Posted March 18, 2003 by publisher in Cuba Business.
For the first time since the United States relaxed trade sanctions against Cuba two years ago, South Carolina is paying attention to the potential market that is less than 700 miles from our shores.
The S.C. Department of Commerce on Friday will hold a program on Cuban trade opportunities. But two members of the Cuban Interests Section in Washington, D.C., will not be present as expected.
Conference organizers learned Wednesday that Cosme Torres Espinosa, deputy chief of the Cuban Interests Section in Washington, and Cuban cultural attache Lourdes C. Bausse Webb will not be allowed to travel to South Carolina.
The pair had been expected in Charleston today and Columbia on Friday. But the U.S. State Department is restricting travel by Cuban diplomats outside Washington. The move is apparently in retaliation for a similar move in Havana against the U.S. Interests Section. The two countries have no formal diplomatic relations.
It is the second time that Cuban officials have been unable to come to South Carolina to promote trade.
A visit by a Cuban delegation in 2000 was canceled after two of the delegates were denied entry visas.
Torres Espinosa and Bausse Webb will participate from Washington in the half-day video conference at the S.C. Department of Commerce.
The conference and the aborted visit have come about largely through the efforts of the fledgling South Carolina-Cuba Association. The group, which is still organizing, believes that Cuba can become a significant economic market for S.C. goods and services. It also wants to establish cultural, educational and travel ties with the island nation, which has been mostly off-limits to American trade since Fidel Castro came to power.
South Carolina hasn’t taken advantage of the recent relaxation of the trade embargo, said Ben Gregg, head of Gregg Communications and one of the lead organizers.
Gregg went to Cuba in 2000 when U.S. Rep. Jim Clyburn, D-S.C., then chairman of the Congressional Black Caucus, led a delegation seeking an end to the 40-year-old embargo. Clyburn was promoting Cuba as a market for S.C. agricultural products.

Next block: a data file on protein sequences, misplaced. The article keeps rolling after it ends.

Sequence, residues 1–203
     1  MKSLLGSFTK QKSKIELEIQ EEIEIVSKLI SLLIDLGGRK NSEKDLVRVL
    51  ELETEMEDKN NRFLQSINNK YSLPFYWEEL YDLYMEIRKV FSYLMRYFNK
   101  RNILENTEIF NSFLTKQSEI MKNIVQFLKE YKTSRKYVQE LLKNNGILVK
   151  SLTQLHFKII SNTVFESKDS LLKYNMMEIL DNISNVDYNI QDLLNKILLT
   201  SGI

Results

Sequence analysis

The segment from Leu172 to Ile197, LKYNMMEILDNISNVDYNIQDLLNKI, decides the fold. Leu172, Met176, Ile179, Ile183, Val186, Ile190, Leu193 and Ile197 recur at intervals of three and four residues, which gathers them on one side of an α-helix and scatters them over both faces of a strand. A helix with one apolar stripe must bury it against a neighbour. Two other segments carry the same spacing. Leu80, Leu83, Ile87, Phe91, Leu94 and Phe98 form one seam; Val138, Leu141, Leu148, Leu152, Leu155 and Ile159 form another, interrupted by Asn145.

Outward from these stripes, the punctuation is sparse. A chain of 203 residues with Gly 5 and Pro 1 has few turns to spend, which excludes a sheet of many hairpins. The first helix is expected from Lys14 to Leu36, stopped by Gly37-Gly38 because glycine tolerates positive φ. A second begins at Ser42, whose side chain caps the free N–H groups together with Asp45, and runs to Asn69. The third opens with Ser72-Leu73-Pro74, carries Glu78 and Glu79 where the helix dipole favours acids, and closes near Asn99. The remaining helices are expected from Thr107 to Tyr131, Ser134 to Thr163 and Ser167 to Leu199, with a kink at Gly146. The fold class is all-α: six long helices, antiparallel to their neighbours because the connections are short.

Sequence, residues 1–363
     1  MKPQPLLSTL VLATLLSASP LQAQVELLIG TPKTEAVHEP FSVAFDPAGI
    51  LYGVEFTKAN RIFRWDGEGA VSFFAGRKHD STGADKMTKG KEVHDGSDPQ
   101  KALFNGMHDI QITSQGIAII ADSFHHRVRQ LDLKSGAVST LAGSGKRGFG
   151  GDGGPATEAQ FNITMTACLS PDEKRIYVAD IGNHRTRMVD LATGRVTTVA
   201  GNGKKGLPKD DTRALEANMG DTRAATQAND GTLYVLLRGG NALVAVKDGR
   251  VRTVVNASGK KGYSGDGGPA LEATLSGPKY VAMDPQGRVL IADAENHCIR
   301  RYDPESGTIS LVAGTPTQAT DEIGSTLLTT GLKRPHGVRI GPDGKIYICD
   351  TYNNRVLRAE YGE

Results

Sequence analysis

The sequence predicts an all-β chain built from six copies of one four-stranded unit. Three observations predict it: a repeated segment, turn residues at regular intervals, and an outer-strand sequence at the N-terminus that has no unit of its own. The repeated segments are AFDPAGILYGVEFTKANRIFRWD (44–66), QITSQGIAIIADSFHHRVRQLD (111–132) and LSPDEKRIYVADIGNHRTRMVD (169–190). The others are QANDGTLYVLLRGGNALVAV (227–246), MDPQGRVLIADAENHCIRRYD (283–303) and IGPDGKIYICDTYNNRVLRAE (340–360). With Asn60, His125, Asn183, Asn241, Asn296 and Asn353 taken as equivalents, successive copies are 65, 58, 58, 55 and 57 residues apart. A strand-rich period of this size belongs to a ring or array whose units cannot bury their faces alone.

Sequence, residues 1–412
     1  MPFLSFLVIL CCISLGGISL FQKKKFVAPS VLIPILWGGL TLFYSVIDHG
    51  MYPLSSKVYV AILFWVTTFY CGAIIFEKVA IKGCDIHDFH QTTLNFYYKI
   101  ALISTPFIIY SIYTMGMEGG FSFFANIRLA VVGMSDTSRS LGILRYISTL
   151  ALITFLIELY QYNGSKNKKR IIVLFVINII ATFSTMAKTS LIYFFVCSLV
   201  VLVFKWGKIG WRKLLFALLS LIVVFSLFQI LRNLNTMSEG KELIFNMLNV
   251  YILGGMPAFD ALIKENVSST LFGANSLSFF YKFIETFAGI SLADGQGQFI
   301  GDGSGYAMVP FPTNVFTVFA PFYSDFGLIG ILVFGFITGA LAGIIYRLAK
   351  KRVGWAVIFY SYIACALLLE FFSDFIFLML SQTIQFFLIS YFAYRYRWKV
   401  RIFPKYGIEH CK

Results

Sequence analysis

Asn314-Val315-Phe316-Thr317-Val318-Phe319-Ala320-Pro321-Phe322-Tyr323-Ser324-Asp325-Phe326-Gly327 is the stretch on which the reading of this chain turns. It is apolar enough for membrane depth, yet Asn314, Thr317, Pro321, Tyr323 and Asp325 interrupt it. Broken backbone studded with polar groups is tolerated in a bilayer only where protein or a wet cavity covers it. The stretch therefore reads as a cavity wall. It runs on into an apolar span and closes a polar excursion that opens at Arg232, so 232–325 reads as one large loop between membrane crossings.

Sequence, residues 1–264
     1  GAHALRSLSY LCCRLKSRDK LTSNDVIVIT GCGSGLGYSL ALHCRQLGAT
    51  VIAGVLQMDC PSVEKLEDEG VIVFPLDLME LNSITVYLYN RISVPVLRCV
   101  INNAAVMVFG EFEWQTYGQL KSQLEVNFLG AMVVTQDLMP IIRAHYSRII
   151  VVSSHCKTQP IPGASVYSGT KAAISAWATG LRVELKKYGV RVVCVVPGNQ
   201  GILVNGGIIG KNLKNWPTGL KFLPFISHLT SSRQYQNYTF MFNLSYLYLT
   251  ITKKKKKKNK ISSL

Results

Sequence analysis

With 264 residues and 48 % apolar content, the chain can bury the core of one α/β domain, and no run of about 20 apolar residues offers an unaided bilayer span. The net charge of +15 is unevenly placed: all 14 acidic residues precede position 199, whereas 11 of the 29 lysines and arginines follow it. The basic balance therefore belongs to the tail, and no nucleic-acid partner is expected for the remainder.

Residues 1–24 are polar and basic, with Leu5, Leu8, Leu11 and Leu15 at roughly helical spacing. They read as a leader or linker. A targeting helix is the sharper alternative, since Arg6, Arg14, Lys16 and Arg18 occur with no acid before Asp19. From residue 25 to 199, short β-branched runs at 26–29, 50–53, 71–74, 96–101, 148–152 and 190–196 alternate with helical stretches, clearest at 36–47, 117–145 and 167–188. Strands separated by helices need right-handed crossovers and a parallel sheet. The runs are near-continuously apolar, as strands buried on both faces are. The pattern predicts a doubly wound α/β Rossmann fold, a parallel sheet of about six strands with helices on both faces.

The U.S. passed an exception to the embargo in 2000, allowing U.S. sales of food and medicine to Cuba on a cash-only basis.
But S.C. has done little to capture the Cuban market. South Carolina did not have representation at an agricultural expo in Havana at the end of September. One S.C. company attended.
Gregg said he tried several times to have S.C. agriculture represented at the expo, but he generated no official interest.
U.S. companies signed about $100 million in cash contracts with Cuba as a result of the expo, the South Carolina organizing committee said.
Last year, U.S. companies shipped about $165 million worth of food to Cuba.
Gregg said the lack of official interest is what prompted he and others to form a nonprofit organization dedicated to a Cuba-South Carolina relationship.
About 60 to 65 people began meeting monthly in December, Gregg said, and the change in state government has led to more receptiveness to its efforts.
The organization tentatively plans to send a delegation to Cuba in mid-May.
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